James Bonnin the printer is the person who started me off in the search for Bonnin Ancestry. He was the father of James Bonnin the builder. Successive generations of the family have tried and failed to discover where he came from. I have managed to accrue a little more information recently and I offer it here, in the hope that if another researcher manages to break through the “brick wall” that they will be so good as to let me know.
James makes his first appearance in the currently available records in 1770, when he married Susanna Brown, a widow. Susanna died in on Feb 1802 and was said to be aged 56 then, so would have been born around 1746. However, we don’t know her maiden name.
What happened to them after the marriage is somewhat obscure. It is clear that at least one of the couple (maybe both) was of French Huguenot stock, as many of their children were baptised in Huguenot churches. The records of some of these churches have not survived, so birth/baptism records of some of the children have disappeared. The ones that we have found records of go like this:-
- Catherine Ann Magdalen Bap. Wandsworth 1771
- James b. sometime between 1776 and 1782, birth record not found
- Caroline b. about 1777
- Daniel 1778-1782 died Bermondsey
- Samuel 1779 – 1844 died Salem, Eastern Cape, South Africa
- Sarah Allan 1780-1784 died Bermondsey
- Hannah Jane 1781-1784 died Bermondsey
- Susannah 1784-1846
- Ebenezer b. about 1785
- Mary (or Maria) 1786-1787 died Bermondsey
James and Susannah’s daughter Sarah Allen (sic) was recorded as buried in Bermondsey in 1784 aged 21 months. However, the age seems to be a muddle – she was baptised in April 1780, so she must have been older than that. In fact the age quoted is that of her sister Hannah Jane. One of them was buried there. Since neither of them seems to be recorded again, perhaps it was both.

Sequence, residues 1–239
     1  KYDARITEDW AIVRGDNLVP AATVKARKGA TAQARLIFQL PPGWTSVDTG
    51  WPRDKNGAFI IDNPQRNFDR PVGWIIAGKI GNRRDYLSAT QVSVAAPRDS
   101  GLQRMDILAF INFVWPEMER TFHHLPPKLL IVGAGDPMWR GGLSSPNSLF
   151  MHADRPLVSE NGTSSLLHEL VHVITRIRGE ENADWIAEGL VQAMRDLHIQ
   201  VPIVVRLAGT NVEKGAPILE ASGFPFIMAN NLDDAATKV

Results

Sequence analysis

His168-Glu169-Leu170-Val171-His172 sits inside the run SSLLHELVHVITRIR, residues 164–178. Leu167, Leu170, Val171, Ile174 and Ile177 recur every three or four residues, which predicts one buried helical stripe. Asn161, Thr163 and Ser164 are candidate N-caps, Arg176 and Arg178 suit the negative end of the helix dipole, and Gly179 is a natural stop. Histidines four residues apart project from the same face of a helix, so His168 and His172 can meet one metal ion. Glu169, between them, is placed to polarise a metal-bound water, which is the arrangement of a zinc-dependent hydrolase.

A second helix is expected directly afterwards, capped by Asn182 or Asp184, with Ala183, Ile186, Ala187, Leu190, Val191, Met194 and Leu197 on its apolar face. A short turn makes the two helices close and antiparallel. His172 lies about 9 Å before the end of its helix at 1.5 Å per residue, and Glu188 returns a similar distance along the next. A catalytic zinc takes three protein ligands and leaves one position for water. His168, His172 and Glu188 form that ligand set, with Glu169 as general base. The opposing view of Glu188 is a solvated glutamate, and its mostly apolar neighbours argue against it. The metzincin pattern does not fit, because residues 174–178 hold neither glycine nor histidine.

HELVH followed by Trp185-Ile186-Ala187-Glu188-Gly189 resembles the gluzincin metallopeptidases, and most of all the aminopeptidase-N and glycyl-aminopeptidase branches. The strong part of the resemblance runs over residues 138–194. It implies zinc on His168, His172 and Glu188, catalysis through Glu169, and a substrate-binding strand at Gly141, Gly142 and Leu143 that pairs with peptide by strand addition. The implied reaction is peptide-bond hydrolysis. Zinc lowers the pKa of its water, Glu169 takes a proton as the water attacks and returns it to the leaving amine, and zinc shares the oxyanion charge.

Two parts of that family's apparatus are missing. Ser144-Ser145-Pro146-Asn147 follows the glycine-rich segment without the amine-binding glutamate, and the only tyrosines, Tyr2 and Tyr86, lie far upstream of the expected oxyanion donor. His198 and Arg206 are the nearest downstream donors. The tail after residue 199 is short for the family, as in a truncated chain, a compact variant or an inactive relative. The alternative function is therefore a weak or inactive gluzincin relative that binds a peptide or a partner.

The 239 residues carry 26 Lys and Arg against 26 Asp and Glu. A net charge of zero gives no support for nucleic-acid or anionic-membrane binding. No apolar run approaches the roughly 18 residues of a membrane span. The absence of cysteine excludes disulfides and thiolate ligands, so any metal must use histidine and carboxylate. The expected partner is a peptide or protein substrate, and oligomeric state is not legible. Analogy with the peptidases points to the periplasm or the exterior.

However, this provides evidence that James and Susannah were living in Pages Walk, Bermondsey in 1782-1784. Pages Walk is just round the corner from Printers Place. This image of the old printers house, Printers Place in Bermondsey, is very possibly where James was working as a printer at the time.
Also in Bermondsey, a child named Susanna Bonnin Rawlings was buried at around the same time. Her mother was one Sarah Allen, by then Mrs Phillip Rawlings. Phillip Rawlings was a clergyman and the Rawlings were living in the same street as the Bonnins. That got me thinking: if women name children after each other then they may just be close friends, but it’s quite possible that they were sisters. That view gains added weight because James and Susanna were the witnesses at the wedding of Sarah and Phillip in 1781. We’re still no nearer to James’ ancestry, but was Susanna’s maiden name Allan (or Allen?)